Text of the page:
The universal composable security of quantum key distribution
 Theory of Cryptography: Second Theory of Cryptography Conference, volume 3378 of Lecture
, 2005
"... The existing unconditional security definitions of quantum key distribution (QKD) do not apply to joint attacks over QKD and the subsequent use of the resulting key. In this paper, we close this potential security gap by using a universal composability theorem for the quantum setting. We first deriv ..."
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Cited by 26 (2 self)
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The existing unconditional security definitions of quantum key distribution (QKD) do not apply to joint attacks over QKD and the subsequent use of the resulting key. In this paper, we close this potential security gap by using a universal composability theorem for the quantum setting. We first derive a composable security definition for QKD. We then prove that the usual security definition of QKD still implies the composable security definition. Thus, a key produced in any QKD protocol that is unconditionally secure in the usual definition can indeed be safely used, a property of QKD that is hitherto unproven. We propose two other useful sufficient conditions for composability. As a simple application of our result, we show that keys generated by repeated runs of QKD degrade slowly. 1
Information and Computation: Classical and Quantum Aspects
 REVIEWS OF MODERN PHYSICS
, 2001
"... Quantum theory has found a new field of applications in the realm of information and computation during the recent years. This paper reviews how quantum physics allows information coding in classically unexpected and subtle nonlocal ways, as well as information processing with an efficiency largely ..."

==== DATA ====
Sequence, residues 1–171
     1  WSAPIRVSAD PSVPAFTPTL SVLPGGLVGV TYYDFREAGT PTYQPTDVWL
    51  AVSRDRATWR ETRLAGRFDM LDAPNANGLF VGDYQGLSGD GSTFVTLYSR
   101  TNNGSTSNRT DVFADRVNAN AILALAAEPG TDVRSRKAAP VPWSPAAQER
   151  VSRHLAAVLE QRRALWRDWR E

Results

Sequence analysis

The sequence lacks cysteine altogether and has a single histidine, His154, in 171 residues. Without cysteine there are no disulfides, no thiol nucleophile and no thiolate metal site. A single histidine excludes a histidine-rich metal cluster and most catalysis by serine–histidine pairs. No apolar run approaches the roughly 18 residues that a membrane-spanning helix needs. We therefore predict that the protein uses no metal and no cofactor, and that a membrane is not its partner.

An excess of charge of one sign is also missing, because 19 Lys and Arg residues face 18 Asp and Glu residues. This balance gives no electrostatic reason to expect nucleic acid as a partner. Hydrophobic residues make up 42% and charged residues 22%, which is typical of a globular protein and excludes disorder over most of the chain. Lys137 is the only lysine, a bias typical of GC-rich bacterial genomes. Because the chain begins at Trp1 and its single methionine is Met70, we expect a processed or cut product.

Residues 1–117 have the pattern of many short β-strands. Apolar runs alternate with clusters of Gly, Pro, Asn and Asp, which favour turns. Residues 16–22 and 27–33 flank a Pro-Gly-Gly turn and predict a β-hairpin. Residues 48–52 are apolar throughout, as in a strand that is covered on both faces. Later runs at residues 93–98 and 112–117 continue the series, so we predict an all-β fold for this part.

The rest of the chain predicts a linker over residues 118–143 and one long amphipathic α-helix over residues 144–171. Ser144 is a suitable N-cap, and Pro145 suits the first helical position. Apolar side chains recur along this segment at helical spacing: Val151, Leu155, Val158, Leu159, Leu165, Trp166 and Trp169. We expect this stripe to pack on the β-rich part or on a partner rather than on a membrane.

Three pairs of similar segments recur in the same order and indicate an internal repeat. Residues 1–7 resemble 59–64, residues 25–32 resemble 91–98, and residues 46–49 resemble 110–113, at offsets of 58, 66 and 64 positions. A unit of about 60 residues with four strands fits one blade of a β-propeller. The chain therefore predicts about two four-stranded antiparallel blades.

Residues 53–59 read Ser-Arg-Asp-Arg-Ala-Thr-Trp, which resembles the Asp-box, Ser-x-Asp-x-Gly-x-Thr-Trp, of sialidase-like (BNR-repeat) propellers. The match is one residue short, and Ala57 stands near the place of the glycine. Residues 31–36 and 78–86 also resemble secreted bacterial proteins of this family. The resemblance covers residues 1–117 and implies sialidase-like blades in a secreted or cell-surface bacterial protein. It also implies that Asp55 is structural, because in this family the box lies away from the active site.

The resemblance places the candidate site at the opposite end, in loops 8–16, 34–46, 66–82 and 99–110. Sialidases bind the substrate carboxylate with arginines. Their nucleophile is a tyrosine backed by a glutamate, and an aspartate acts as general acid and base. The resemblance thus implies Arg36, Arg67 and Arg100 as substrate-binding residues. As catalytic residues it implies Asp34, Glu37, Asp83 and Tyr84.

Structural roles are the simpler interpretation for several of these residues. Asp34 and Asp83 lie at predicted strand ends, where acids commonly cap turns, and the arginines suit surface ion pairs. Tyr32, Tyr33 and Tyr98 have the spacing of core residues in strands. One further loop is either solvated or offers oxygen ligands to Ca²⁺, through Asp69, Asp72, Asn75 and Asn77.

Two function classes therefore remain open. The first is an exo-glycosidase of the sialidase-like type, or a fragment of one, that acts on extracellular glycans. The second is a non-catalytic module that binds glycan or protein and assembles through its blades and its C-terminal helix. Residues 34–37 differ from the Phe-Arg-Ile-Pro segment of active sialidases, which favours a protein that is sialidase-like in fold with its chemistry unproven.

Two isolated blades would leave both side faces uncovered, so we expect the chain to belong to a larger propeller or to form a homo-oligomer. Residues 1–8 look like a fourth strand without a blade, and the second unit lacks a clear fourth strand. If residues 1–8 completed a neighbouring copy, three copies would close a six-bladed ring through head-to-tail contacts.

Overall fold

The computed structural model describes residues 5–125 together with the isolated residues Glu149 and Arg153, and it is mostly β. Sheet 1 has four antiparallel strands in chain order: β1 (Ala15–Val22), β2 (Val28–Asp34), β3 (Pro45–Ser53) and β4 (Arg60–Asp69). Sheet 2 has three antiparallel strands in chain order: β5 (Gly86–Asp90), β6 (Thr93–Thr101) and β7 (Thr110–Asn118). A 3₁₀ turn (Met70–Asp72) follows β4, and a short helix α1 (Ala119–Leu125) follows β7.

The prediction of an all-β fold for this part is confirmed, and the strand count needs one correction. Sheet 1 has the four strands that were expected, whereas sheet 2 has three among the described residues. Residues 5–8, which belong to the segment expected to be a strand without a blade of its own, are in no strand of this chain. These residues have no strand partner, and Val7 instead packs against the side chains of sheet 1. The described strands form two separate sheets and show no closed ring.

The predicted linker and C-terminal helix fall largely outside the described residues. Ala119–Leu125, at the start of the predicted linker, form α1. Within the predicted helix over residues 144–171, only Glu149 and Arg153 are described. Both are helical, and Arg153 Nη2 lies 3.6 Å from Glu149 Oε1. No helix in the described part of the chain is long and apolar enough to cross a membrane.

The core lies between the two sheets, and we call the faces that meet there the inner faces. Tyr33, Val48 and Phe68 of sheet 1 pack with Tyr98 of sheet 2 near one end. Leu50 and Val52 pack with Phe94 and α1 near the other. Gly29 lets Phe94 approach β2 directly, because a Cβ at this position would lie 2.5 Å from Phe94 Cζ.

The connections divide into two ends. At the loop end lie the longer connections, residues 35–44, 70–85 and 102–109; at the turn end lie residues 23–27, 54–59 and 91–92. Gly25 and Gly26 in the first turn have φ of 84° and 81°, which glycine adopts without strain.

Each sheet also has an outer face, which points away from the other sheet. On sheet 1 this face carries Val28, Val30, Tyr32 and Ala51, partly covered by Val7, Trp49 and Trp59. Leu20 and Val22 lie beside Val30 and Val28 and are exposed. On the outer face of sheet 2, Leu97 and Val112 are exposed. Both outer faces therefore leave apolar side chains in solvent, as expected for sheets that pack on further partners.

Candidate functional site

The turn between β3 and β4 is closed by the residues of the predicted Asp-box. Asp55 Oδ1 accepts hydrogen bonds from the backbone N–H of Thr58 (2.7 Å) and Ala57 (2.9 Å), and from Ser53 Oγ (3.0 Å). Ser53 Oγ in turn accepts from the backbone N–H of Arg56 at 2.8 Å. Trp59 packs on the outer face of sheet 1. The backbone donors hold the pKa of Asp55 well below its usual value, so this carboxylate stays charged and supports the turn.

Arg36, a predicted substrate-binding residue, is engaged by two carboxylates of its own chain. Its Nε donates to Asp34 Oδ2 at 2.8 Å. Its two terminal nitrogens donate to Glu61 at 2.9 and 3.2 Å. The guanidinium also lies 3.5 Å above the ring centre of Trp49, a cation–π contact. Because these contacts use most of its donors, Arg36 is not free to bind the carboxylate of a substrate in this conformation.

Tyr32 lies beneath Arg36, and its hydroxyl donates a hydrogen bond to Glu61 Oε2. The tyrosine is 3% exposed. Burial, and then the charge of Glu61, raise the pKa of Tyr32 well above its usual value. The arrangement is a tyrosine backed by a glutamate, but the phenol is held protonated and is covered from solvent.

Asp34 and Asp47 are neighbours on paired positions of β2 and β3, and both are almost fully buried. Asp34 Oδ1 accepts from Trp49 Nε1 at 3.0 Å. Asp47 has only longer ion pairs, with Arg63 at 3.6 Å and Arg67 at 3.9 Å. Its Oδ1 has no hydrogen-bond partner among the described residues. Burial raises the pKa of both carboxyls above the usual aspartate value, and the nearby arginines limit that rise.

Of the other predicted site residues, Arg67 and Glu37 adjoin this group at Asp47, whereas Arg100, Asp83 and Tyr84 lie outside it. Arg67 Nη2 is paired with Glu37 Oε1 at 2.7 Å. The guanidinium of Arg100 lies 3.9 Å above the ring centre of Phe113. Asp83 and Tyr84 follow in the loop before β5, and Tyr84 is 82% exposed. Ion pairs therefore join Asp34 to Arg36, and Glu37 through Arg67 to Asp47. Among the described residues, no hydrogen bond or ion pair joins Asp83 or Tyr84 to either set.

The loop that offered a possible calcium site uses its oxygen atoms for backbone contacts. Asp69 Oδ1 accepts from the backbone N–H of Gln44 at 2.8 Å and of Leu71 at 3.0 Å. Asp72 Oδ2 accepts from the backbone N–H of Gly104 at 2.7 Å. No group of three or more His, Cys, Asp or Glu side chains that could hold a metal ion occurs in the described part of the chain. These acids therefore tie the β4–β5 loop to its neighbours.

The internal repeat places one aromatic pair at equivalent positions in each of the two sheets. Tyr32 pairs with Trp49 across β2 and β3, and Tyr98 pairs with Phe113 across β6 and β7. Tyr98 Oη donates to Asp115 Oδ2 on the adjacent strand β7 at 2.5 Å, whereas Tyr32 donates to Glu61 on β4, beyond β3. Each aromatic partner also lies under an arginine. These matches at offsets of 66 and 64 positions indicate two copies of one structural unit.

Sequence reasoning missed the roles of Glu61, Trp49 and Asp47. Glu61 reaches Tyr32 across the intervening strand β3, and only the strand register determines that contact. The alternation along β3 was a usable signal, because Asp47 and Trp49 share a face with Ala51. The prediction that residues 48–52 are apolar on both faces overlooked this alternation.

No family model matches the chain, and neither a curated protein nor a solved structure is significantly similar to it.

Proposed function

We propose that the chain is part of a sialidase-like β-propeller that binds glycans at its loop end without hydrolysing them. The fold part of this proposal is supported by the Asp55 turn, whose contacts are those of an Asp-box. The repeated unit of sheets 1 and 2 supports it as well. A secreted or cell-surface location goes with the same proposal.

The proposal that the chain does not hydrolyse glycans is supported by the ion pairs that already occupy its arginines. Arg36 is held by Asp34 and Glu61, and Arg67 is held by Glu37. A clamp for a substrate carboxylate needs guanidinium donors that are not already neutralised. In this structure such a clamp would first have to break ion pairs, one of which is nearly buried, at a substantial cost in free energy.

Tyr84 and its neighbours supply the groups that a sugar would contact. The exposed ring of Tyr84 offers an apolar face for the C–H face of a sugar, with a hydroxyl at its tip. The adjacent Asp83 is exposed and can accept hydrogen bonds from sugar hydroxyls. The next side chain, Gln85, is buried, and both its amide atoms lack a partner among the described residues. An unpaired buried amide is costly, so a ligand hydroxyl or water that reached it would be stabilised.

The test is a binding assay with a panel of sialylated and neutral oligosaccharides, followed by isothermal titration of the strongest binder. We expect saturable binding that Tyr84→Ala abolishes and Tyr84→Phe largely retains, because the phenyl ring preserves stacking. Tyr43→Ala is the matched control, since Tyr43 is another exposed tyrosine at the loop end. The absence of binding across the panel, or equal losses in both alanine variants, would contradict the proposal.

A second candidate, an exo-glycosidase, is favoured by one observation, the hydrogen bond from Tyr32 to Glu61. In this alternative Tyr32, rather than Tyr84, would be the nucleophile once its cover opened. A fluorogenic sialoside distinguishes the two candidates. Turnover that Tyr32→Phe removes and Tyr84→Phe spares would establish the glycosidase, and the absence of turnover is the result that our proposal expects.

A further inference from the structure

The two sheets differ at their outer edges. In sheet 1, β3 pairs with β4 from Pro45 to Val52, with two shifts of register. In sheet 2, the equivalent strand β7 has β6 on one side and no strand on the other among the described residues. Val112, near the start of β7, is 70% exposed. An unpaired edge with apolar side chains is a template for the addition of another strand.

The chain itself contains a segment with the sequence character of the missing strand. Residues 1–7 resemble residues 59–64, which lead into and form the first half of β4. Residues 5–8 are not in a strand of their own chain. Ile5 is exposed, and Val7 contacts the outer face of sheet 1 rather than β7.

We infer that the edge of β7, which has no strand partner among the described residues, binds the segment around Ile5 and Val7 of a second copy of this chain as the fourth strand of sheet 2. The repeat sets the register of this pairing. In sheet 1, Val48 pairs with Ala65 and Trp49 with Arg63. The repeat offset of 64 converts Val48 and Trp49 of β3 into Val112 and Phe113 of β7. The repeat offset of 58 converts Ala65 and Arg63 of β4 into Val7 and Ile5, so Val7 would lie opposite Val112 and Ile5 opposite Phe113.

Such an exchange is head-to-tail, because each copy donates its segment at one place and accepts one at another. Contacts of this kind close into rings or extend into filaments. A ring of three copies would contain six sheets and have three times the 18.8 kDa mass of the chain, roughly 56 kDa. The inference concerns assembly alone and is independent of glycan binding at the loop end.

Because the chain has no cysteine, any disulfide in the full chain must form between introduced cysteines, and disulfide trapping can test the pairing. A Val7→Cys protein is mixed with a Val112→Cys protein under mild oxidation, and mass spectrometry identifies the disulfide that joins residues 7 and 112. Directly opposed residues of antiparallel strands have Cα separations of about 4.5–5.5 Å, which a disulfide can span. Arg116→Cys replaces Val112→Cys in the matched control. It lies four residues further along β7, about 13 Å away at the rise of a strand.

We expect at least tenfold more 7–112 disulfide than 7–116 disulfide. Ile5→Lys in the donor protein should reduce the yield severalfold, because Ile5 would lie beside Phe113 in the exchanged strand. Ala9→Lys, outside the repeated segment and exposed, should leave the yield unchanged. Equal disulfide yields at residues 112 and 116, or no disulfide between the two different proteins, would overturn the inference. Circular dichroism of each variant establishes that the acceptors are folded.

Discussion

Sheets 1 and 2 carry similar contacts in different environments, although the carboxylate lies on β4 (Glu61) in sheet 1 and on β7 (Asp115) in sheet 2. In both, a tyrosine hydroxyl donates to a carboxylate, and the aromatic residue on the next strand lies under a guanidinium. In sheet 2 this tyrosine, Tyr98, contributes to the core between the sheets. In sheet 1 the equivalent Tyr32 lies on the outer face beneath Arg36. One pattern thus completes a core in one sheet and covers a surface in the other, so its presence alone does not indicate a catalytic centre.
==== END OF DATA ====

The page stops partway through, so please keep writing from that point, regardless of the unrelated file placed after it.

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Cited by 23 (2 self)
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Quantum theory has found a new field of applications in the realm of information and computation during the recent years. This paper reviews how quantum physics allows information coding in classically unexpected and subtle nonlocal ways, as well as information processing with an efficiency largely surpassing that of the present and foreseeable classical computers. Some outstanding aspects of classical and quantum information theory will be addressed here. Quantum teleportation, dense coding, and quantum cryptography are discussed as a few samples of the impact of quanta in the transmission of information. Quantum logic gates and quantum algorithms are also discussed as instances of the improvement in information processing by a quantum computer. We provide finally some examples of current experimental
Do we really understand quantum mechanics? Strange correlations, paradoxes, and theorems
 Am. J. Phys
, 2001
"... This article presents a general discussion of several aspects of our present understanding of quantum mechanics. The emphasis is put on the very special correlations that this theory makes possible: they are forbidden by very general arguments based on realism and local causality. In fact, these cor ..."
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Cited by 20 (1 self)